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Alabama Passes Law Allowing Chemical Castration for Certain Sex Offenders

May 21, 2019 Criminal Law and Procedure

Alabama’s Governor signed into law providing for chemical castration to certain convicted sex offenders.

Who Does the Law Apply To?

Chemical castration will be administered to paroled sex offenders who had victims between ages 7 and 13. Sex offenders with victims 6 and under are ineligible for parole in Alabama.

What is Chemical Castration?

Chemical castration is done with the drug medroxyprogestrone, or a similar drug. The drug is administered through injections. These drugs reduce or block the production of testosterone. The logic goes that less testosterone will reduce a person’s sex drive, making the person less likely to commit another sex-related crime.

How Will the Chemical Castration Program Work?

Persons paroled from prison will be subject to chemical castration as a condition of their parole. Parolees will be given information on the program and the effects of treatment.

The person must begin treatment within one month of leaving prison. Treatment continues until a court determines that treatment is no longer necessary. Intentionally ending the treatment is a felony.

A person could also choose to not be paroled and serve out their entire prison sentence, in which case they would prevent receiving treatment.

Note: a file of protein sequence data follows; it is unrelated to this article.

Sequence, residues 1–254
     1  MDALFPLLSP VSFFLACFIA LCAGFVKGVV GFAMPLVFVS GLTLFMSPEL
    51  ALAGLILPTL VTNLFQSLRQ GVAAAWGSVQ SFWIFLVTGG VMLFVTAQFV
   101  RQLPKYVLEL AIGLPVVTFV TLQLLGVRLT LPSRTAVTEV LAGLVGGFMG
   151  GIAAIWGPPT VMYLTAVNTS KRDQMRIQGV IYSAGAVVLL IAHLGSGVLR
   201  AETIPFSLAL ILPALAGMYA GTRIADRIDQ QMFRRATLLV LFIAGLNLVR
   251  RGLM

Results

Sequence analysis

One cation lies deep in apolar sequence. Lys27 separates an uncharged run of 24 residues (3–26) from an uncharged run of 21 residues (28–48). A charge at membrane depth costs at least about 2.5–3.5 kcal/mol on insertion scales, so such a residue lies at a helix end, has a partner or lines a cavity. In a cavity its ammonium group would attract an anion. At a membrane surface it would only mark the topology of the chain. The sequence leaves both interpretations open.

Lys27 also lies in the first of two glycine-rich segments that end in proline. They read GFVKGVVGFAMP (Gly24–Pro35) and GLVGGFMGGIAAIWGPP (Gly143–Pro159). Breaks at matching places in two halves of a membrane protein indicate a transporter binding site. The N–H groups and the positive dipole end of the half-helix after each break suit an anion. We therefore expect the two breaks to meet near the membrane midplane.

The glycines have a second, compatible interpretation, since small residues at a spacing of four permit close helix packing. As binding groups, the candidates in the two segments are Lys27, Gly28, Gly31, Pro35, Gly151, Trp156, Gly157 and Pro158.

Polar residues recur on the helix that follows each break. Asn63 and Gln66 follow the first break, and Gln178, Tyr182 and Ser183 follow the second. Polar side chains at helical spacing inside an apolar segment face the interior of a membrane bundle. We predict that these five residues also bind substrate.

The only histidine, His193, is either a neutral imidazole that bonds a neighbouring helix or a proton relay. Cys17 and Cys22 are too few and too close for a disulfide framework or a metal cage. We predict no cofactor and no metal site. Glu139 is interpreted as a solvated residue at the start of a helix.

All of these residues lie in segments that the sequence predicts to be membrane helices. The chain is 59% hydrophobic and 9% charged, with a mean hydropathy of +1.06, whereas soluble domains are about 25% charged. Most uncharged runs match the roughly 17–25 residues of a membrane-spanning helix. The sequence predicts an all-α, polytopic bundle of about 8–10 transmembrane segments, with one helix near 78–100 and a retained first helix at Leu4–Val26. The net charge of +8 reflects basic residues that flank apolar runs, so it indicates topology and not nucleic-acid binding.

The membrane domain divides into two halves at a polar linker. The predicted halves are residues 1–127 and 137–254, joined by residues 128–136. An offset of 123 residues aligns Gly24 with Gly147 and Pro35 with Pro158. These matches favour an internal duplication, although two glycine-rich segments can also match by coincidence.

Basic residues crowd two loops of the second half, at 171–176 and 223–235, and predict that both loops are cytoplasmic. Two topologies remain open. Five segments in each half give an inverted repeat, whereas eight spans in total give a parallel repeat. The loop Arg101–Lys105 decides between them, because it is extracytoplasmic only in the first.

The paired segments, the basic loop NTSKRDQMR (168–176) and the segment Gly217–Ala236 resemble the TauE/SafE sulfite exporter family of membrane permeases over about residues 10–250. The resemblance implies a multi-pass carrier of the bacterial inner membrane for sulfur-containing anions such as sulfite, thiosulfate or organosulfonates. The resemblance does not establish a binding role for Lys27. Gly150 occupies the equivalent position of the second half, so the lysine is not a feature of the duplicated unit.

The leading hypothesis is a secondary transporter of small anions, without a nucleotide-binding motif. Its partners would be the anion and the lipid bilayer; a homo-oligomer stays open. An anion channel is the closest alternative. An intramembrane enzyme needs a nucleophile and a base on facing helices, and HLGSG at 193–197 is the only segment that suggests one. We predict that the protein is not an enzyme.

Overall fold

Treatment is overseen by the Department of Public Health. The Department will share medical records with the Department of Corrections.

The offender is responsible for the costs, unless the person is found indigent, in which case they get free chemical castration. Read the entire law here.

Other Concerns

Critics of chemical castration laws contend that these programs are coercive – a person either stays in prison or consents to treatment. In addition, the efficacy of the program is questionable. The only data to form an opinion on success rates comes from sex-offenders providing self-reports, which is considered an unreliable way to gather data and information for scientific purposes.

Critics also point out there are other motivating factors for sex offenses, such as mental health issues and drug use. Reducing such individual’s testosterone would be an ineffective way to prevent recidivism for those offenders.

Do Other States Have Chemical Castration?

Michigan does not have a chemical castration provision in its Sex Offender Registration Act (some of which was recently found unconstitutional and the law must be rewritten).

Several states have chemical castration provisions in their sex offender laws, including California, Florida, Louisiana, Montana, Texas, and Wisconsin.

However, it should be noted that it’s unclear how often these states actually enforce the chemical castration laws. California was the first state to create a chemical castration law. Only two parolees in California are receiving chemical castration treatment (One person is receiving mandatory treatment while the other person receives it voluntarily). Authorities in Montana and Louisiana noted that each state was only aware of one instance of chemical castration in the last year.

Georgia had a chemical castration law but repealed the law. Oregon had a pilot program but repealed the program.

Texas law actually provides for optional surgical castration for repeat offenders.

Call ArborYpsi Law

Call Sam Bernstein at 734-883-9584 or e-mail at

Sam Bernstein is a Criminal Defense Attorney in Washtenaw County, Michigan.

ArborYpsi Law is located at 4158 Washtenaw Ave., Ann Arbor, MI.

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